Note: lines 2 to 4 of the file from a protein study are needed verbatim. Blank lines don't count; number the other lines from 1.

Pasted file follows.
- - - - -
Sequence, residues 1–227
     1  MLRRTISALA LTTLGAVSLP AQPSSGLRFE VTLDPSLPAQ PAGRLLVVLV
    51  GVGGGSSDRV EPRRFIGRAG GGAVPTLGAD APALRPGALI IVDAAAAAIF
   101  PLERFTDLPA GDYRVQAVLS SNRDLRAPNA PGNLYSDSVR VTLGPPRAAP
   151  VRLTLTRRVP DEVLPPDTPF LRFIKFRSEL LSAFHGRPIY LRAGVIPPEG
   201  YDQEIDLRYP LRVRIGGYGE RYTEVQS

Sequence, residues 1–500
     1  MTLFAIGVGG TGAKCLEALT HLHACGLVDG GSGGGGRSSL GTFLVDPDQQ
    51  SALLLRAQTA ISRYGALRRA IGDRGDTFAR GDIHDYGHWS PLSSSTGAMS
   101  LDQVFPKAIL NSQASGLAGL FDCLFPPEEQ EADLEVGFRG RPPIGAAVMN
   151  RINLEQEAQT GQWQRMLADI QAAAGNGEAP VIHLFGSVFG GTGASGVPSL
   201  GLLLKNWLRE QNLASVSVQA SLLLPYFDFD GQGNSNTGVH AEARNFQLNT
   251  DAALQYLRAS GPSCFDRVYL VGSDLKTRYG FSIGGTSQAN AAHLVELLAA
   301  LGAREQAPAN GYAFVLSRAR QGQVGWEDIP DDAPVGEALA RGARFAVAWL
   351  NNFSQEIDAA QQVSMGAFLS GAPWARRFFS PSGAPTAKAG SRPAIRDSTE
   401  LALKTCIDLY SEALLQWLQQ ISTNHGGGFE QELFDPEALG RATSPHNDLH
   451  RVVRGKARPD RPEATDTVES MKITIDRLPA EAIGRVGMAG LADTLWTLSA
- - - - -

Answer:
     1  MLRRTISALA LTTLGAVSLP AQPSSGLRFE VTLDPSLPAQ PAGRLLVVLV
    51  GVGGGSSDRV EPRRFIGRAG GGAVPTLGAD APALRPGALI IVDAAAAAIF
   101  PLERFTDLPA GDYRVQAVLS SNRDLRAPNA PGNLYSDSVR VTLGPPRAAP